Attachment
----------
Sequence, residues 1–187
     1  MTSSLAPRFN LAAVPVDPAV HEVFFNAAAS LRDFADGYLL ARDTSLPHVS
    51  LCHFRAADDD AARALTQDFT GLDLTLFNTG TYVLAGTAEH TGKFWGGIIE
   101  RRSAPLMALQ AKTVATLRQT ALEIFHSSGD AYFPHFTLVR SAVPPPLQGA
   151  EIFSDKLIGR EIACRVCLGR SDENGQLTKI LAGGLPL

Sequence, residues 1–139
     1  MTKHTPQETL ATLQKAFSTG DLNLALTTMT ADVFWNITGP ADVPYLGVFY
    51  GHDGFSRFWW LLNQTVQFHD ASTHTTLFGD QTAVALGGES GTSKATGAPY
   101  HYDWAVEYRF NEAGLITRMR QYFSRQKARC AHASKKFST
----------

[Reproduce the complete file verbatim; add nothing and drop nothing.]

Sequence, residues 1–187
     1  MTSSLAPRFN LAAVPVDPAV HEVFFNAAAS LRDFADGYLL ARDTSLPHVS
    51  LCHFRAADDD AARALTQDFT GLDLTLFNTG TYVLAGTAEH TGKFWGGIIE
   101  RRSAPLMALQ AKTVATLRQT ALEIFHSSGD AYFPHFTLVR SAVPPPLQGA
   151  EIFSDKLIGR EIACRVCLGR SDENGQLTKI LAGGLPL

Sequence, residues 1–139
     1  MTKHTPQETL ATLQKAFSTG DLNLALTTMT ADVFWNITGP ADVPYLGVFY
    51  GHDGFSRFWW LLNQTVQFHD ASTHTTLFGD QTAVALGGES GTSKATGAPY
   101  HYDWAVEYRF NEAGLITRMR QYFSRQKARC AHASKKFST